Raised on the rugged plains of Australia, Matt Wright had plenty of jobs -- horse wrangler, Australian Army soldier, crocodile egg collector -- that helped develop his passion and skills for a career as a helicopter pilot and wildlife relocator. Featured in half-hour episodes of "Outback Wrangler," Wright tracks down, captures, and transports a diverse range of dangerous animals, including crocodiles, wild buffalo and even polar bears, that are posing a threat to people. As a chopper pilot he is able to access areas that would otherwise be impossible to reach. Matt's goal, he says, is based on the preservation of wildlife: to remove and relocate problem animals rather than kill them.
Put up your dukes -- er, paws -- and prepare to discover epic, bone-shattering clashes between some of the world's deadliest predators. From lions, tigers and bears to meerkats, mongoose and mice, the series features testosterone-induced battles between some of the biggest, baddest and often surprising fighters in the animal kingdom, revealing the extraordinary motivations and strategies that fuel each incredible brawl.
Only the strongest survive in the animal kingdom, where the competition for food, territory or mates means employing skillfully crafted tricks of the trade. "Animal Armory" incorporates high-end imagery and computer graphics to reveal how wildlife use their teeth, claws, antlers, camouflage, venom and even spit to threaten and intimidate rivals and predators alike. With weapons of deception, animals disarm and entice prey to their death. Meanwhile, perhaps the oldest weapons employed by animals are projectiles, which have evolved into their own versions of poison-tipped harpoons, chemical missiles and high-powered bullets.
Produced by the team that created BBC's "Planet Earth" series, "The Hunt" explores the relationship between predators and their prey. Sir David Attenborough narrates this documentary while the cameras follow the animals in their natural habitats. With a specific focus on strategy, the hunters are examined in detail -- from their use of the environment to their sharp instincts and physical prowess. On the other side of the fence are the hunted, which use their senses and defense tactics to flee when they feel threatened. Each episode centers on a different habitat, and the last one focuses on the state of the planet.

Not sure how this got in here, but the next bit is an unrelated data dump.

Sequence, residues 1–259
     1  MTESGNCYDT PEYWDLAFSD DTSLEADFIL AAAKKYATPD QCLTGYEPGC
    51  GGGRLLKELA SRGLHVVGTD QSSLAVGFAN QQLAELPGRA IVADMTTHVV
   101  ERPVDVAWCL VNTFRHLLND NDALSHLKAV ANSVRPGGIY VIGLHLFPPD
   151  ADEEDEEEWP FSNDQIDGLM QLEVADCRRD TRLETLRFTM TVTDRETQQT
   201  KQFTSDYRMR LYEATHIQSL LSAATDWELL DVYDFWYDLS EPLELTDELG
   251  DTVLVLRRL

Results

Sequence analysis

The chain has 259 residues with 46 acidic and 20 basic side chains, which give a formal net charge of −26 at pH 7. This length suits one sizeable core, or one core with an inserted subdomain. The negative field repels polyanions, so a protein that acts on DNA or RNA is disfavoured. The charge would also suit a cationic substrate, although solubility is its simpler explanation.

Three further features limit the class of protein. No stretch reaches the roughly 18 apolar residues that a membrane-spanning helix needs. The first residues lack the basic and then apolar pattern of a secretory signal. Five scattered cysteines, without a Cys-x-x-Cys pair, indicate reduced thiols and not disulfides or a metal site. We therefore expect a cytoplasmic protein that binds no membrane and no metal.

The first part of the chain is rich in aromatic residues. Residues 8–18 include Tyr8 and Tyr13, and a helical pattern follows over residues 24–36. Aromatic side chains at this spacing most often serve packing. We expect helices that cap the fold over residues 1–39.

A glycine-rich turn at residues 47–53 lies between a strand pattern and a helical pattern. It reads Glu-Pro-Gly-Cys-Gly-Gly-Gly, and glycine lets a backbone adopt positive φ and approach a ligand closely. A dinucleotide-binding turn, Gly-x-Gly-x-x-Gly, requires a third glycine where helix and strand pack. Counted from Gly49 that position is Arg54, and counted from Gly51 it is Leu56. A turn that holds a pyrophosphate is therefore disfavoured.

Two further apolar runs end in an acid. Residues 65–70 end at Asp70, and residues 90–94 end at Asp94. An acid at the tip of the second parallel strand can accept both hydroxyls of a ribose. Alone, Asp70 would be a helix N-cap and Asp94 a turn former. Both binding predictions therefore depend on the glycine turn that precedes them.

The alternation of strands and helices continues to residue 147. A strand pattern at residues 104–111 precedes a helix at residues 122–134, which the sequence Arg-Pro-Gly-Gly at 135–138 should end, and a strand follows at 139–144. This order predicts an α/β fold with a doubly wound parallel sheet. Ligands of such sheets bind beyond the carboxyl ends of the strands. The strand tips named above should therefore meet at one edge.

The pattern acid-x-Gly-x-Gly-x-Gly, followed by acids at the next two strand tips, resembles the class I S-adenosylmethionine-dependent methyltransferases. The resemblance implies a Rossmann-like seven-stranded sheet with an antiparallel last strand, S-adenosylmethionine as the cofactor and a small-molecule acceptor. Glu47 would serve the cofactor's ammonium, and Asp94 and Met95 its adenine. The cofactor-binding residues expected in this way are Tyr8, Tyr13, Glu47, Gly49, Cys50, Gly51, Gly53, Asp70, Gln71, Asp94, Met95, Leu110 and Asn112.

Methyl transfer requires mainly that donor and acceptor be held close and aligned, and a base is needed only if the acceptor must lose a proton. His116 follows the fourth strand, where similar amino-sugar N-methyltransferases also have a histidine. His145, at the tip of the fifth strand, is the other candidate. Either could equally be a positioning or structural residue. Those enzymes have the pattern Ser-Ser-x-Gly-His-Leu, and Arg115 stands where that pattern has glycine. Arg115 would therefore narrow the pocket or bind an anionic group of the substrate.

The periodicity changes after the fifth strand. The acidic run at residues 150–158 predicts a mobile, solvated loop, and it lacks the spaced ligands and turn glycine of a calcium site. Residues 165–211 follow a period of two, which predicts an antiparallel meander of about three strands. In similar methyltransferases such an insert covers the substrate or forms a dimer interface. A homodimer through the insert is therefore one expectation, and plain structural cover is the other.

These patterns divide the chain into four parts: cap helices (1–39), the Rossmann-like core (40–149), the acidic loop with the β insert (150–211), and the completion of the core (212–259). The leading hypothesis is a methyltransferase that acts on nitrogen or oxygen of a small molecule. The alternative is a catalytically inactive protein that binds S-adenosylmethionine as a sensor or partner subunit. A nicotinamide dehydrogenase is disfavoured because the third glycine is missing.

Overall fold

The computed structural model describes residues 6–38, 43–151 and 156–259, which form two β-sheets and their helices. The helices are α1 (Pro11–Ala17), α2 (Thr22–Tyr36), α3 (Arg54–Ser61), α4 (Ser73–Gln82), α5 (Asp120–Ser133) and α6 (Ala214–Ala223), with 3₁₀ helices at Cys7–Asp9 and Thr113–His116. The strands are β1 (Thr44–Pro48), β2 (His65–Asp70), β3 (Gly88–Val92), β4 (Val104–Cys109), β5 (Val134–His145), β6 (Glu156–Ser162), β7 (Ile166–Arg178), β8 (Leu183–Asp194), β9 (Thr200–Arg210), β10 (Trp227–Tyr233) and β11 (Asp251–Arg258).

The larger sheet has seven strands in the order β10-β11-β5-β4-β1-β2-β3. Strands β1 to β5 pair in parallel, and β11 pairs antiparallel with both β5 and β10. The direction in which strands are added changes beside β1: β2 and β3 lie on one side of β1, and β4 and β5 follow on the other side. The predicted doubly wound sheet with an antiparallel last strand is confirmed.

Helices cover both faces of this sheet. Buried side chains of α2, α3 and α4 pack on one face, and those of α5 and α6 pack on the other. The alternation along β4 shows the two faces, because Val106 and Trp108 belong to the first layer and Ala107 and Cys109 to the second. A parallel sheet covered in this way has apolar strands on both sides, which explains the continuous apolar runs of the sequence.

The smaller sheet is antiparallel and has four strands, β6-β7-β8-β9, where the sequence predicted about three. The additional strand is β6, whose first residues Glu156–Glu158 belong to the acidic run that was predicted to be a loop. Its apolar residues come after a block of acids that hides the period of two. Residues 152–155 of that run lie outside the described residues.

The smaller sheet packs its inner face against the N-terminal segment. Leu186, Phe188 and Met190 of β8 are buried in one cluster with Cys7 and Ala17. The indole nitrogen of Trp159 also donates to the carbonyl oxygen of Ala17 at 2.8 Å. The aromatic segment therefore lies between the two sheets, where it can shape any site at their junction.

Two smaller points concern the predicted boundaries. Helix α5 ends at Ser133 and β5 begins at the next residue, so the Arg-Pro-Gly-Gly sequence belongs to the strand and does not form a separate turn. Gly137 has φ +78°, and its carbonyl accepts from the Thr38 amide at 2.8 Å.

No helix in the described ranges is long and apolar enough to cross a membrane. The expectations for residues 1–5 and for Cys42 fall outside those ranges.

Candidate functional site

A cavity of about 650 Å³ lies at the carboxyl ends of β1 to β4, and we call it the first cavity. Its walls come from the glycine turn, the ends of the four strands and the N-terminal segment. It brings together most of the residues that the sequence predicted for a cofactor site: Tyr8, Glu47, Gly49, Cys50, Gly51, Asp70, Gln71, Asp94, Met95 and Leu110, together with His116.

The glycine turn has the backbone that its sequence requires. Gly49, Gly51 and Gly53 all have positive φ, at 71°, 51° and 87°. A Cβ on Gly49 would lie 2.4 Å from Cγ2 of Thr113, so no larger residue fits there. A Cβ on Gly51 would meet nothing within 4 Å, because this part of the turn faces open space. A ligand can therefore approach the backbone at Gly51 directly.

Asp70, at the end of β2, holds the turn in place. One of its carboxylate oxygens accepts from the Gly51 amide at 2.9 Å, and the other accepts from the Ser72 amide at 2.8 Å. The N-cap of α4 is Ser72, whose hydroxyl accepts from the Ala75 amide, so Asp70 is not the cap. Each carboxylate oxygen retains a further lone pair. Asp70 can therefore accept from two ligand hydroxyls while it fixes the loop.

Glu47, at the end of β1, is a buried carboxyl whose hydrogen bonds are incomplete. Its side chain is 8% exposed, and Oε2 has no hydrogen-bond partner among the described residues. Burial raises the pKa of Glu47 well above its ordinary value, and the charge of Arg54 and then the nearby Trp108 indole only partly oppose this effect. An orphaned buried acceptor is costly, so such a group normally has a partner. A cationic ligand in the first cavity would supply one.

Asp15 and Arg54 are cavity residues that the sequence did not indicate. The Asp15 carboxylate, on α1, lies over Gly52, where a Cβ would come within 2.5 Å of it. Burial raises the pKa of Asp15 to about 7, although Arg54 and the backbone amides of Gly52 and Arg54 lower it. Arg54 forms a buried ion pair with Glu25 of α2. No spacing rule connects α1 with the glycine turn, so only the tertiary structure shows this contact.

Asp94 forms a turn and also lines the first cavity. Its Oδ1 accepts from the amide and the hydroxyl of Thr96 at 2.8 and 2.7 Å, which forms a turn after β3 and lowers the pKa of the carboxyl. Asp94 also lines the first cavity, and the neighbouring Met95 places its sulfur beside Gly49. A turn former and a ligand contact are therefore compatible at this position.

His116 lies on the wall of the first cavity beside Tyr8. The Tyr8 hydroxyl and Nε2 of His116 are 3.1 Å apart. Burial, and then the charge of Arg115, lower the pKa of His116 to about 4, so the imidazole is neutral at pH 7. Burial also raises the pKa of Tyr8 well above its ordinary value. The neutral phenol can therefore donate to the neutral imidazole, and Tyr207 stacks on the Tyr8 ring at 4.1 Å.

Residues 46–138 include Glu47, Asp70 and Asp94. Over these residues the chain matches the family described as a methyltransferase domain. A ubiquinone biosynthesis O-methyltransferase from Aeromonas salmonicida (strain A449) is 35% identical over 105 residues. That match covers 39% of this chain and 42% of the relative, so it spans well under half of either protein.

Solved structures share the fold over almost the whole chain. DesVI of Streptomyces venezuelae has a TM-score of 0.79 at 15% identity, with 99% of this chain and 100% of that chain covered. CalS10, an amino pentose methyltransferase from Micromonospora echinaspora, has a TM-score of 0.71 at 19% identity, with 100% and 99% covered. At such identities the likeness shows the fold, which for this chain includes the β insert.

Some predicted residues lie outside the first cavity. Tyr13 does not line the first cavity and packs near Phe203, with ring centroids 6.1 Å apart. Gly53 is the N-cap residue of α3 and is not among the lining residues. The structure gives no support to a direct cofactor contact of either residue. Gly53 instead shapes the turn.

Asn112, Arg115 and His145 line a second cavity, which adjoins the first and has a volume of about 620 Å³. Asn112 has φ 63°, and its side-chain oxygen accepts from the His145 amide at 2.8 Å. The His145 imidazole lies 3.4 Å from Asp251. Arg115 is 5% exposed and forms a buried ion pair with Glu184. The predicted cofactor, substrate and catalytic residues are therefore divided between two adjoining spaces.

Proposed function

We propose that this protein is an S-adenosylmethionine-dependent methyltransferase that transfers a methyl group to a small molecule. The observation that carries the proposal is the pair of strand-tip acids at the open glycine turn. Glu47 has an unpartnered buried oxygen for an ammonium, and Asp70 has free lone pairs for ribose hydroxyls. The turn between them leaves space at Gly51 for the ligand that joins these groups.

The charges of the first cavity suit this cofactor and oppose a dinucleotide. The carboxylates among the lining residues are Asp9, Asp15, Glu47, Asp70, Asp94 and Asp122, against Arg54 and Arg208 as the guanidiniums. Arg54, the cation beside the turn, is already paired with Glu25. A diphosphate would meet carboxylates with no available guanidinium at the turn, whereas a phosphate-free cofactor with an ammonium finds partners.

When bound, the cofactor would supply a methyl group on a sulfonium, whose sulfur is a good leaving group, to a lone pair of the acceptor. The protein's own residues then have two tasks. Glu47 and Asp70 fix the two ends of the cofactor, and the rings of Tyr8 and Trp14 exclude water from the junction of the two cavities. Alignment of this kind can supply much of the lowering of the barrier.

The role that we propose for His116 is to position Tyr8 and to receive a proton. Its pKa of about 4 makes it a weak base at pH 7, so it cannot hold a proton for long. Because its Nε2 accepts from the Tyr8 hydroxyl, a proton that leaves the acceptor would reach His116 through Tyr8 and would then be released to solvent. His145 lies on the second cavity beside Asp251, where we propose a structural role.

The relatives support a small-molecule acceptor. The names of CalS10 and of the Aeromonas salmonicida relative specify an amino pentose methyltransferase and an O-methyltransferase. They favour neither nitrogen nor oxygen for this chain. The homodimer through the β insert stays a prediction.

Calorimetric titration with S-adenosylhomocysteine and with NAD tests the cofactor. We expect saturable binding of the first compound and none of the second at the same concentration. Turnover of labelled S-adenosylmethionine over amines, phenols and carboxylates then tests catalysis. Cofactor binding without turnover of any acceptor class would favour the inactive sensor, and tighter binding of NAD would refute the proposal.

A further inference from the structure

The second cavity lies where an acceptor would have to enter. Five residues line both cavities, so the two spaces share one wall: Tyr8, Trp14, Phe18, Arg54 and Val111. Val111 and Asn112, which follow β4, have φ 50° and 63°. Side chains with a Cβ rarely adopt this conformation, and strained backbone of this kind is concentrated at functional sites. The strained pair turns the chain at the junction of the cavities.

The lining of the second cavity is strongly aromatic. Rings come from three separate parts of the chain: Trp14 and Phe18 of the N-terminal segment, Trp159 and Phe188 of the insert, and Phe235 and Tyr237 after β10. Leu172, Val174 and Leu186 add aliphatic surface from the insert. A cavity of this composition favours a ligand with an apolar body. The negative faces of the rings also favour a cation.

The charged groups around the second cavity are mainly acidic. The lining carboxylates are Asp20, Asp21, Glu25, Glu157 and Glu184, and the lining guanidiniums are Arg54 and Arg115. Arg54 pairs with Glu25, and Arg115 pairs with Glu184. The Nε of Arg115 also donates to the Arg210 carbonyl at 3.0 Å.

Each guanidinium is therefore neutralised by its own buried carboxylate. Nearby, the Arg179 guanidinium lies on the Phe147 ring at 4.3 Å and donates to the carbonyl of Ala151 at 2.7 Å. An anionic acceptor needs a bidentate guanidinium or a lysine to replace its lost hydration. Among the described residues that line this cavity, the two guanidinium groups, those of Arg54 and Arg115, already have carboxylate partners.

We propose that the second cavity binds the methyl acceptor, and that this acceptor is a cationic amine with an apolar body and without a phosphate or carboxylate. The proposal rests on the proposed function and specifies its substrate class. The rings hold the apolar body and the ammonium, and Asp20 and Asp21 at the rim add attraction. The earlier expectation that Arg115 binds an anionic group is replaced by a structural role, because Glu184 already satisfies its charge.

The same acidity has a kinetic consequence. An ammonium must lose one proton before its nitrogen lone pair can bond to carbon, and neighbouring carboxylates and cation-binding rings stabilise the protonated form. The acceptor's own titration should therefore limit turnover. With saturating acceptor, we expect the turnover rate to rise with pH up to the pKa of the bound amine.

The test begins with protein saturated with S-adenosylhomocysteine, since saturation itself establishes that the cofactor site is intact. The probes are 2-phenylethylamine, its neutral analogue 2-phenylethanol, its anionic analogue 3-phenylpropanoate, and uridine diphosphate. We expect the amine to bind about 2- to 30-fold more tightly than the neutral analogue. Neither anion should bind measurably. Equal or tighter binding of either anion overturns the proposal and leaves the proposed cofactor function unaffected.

British adventurer and cinematographer Richard Terry travels to faraway jungles and remote islands in search of the truth behind stories of unknown creatures attacking, and killing, humans. In the Amazon rainforest, Terry is on the trail of a huge spider said to be attacking villagers; in southern Mexico, reports of a terrifying creature that attacks locals at night sends Terry into the jungles of Chiapas to investigate; and in the Indonesian archipelago, Terry island hops to expose a giant, blood-thirsty reptile that preys on livestock and humans.
Stunning computer animation brings the most ferocious giants of the Ice Age back to life, creating a portrait of their wild existence and puzzling extinction. Also, details about their lives and disappearance are revealed through the work of paleontologists, who uncover fossilized bones of these lethal creatures.
In the varied forms of veterinary medicine, Dr. Susan Kelleher's practice may be one of the more unusual. Known as Dr. K, she runs South Florida's Broward Avian and Exotics Animal Hospital, and this series follows the staff as it cares for rabbits, ferrets, foxes, fish, birds, reptiles, marsupials, and even primates. As do some other vets, Kelleher thinks domesticating wild animals like monkeys is a bad idea, but that feeling doesn't interfere with her taking care of them: "If it will fit through the door, I'll treat it," she says.
From the frozen tundra in the north to the dry forests of the equator, Sir David Attenborough narrates a compelling view of the planet. "Planet Earth" was the first natural history documentary to be filmed in high definition, and now a decade later improved technology has made it possible to capture further details, from elusive animal behaviors to previously inaccessible remote landscapes. In addition to exploring the wilderness, the series examines urban dwellings, focusing on animals that have adapted to city life.
National Geographic expeditions expert Casey Anderson leads viewers on a trek from the bottom of the Grand Canyon to the Arctic Ocean, and to many places in between, on a search for rare and endangered species such as wolverines, mountain lions, black bears and polar bears. In the episode "Wolverine King," for example, Anderson manages to forge a unique face-to-face bond with Jasper, a captivity-raised wolverine, to separate fact from fiction and learn the truth about these notorious carnivores. And in "Grand Canyon Safari," Anderson observes condors, rare Kaibab squirrels, tree frogs, rattlesnakes and chuckwalla lizards in their natural habitats.